Even this creaking plot might have succeeded if there had been more emotional conviction in the writing, more intensity, more insight into the minds and feelings of gifted but temperamental people. But Mrs. Penney cluttered up her play with irrelevancies and weighed it down with pseudo-literary philosophising which obscured rather than illuminating the real issues.
The play does not begin to come alive until the arrival of the nuns to tell the writer of his wife’s suspected death – halfway through the second act. The authoress has also seen fit to burden it with a prologue and an epilogue set in a storm bound hut. The best part of the play, strangely enough, is the first act bottle party, which has some amusing and tart dialogue, and suggests that Mrs. Penney might do well to turn her attention to sophisticated comedy.
Considering the play’s deficiencies, it is not surprising that the cast make heavy weather of it on the first night. Lines like “This is no time for the niceties of reticence” would have defeated anyone! There was consolation, however, in Mary Gedge’s notably sympathetic heroine, and sharp sketches of two Awful Young Things of the coffee-bar age by Patricia Holloway and Peggy Cook. Of the others, Adrian Hedges plodded dourly through the rôle of the conscience stricken writer, Ralph Dawes gave an earnest but rather colourless performance as his best friend, and Frances Moulton resisted the temptation to caricature the inevitable jolly landlady.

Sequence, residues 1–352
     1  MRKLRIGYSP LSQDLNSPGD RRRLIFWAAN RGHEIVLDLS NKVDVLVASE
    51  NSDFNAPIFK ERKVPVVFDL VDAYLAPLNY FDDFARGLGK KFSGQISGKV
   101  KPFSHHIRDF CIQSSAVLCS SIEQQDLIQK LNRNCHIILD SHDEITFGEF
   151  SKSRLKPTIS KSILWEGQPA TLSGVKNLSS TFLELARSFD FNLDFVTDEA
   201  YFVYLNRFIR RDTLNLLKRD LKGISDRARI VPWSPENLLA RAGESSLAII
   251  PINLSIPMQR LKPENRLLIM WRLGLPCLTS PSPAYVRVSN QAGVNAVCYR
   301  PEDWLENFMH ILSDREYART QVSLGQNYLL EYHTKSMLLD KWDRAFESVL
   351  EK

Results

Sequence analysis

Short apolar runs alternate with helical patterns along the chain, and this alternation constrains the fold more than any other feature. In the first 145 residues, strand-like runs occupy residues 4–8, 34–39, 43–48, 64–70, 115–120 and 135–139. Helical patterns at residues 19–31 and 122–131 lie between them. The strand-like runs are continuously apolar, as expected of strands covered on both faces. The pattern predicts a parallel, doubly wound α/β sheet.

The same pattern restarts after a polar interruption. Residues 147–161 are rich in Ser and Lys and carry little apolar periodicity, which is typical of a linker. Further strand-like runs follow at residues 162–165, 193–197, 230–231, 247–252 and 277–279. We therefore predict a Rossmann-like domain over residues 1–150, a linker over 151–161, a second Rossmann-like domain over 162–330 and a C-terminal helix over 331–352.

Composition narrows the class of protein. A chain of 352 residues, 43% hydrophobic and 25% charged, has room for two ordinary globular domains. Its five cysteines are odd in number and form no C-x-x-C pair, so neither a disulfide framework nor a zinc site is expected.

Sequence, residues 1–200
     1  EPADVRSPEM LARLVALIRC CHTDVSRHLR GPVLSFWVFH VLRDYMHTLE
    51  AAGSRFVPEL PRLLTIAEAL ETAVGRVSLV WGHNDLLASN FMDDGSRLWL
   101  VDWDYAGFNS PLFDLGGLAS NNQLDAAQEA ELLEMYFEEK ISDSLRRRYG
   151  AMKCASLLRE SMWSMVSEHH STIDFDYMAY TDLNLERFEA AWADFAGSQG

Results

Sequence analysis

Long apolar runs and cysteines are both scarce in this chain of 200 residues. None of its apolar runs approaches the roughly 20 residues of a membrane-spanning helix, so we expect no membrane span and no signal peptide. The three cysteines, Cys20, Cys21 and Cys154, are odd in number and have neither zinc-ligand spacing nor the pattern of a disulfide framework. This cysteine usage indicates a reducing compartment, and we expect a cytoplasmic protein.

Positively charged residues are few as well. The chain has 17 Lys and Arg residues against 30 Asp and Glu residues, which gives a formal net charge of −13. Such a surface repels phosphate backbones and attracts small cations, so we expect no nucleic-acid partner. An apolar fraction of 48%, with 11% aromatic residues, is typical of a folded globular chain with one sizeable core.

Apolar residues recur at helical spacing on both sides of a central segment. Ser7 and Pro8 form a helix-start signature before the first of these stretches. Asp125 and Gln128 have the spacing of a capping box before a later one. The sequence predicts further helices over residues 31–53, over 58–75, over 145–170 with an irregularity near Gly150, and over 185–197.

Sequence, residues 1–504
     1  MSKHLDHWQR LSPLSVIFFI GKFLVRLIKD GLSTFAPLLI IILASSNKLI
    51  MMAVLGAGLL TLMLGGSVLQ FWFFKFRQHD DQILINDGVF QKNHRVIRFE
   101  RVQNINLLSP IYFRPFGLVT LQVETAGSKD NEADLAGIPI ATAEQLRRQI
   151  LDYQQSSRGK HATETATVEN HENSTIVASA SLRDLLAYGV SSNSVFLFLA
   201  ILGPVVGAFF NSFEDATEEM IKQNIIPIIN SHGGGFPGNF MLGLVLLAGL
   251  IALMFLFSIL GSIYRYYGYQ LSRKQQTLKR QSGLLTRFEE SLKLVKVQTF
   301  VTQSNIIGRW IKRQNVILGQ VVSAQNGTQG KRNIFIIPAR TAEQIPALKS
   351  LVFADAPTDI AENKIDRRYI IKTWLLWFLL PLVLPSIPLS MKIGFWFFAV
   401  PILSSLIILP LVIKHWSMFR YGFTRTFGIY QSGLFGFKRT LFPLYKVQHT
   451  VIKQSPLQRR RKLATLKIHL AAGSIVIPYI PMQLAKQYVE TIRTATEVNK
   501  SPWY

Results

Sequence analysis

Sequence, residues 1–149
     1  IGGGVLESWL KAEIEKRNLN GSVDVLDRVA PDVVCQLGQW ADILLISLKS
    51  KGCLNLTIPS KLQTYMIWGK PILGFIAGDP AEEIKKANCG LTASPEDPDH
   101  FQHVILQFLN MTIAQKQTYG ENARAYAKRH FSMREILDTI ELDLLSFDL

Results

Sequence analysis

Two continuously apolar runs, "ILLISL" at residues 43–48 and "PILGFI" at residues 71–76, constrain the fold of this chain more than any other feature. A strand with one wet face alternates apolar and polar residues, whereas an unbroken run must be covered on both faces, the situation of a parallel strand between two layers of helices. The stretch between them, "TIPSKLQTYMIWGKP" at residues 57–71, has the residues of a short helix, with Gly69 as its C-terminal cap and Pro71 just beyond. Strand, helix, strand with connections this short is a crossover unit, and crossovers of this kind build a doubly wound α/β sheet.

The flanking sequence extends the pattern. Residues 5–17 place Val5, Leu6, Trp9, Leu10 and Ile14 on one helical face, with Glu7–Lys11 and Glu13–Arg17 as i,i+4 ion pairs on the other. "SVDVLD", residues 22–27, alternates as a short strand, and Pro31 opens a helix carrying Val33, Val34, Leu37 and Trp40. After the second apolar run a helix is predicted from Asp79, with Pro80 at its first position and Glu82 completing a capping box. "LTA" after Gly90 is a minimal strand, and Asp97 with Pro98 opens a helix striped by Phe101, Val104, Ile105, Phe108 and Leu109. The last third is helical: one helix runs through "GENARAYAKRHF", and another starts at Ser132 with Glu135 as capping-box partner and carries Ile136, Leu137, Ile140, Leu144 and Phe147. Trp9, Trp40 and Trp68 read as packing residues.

Mrs. Penney produced the play.
As a curtain-raiser we were given a lively and idiomatic performance of J. M. Synge’s one-act The Shadow of the Glen. Seamus McGurk produced and played the leading rôle of the poetic tramp, and in both capacities brought the authentic Irish flavour to the piece.
Coun. and Mrs. W. G. Field attended the gala ‘first night’.
Review #2: A Mirror of Escape
Publication: Brighton & Hove Gazette
Publication Data: Unknown
Text Header: “NEW PLAY”
A WORKABLE idea is evident in Elizabeth Penney’s new play, A Mirror of Escape, presented by the Young Wick Players at Southwick Barn Theatre this week. As a story it could be read and pondered, but in its present form it is not good theatre … too much unlikely, unreal dialogue, and several loose ends. It was also bound to suffer – as so many plays would – from comparison with its curtain-raiser. This is J. M Synge’s The Shadow of the Glen, and most pleasing is the sensitivity of the cast to the poetry and rhythm of Synge’s phrasing. Jean Porter gives colour and finish to her picture of the young wife of old Dan Burke, an extremely good character by Patrick Johnson. Seamus McGurk, who also produced, is the tramp, and Joe Mohan the young shepherd.
A Mirror of Escape opens with a prologue showing a group of people marooned during a bad storm. All are unnerved and for distraction one tells a story which is enacted. Emotional conflict between husband and wife, both artists, the wife’s amnesia and disappearance after the birth of twins and her return after six years – still amnesic – appears to be the main thread of the play and there is an epilogue to reveal the suspected finale.
Within the limitations of the material, production – by the author – and acting aims at conviction. Mary Gedge and Adrian Hedges are the husband and wife and also in the cast of 14 are Betty Carpenter, Ralph Dawes and Frances Moulton.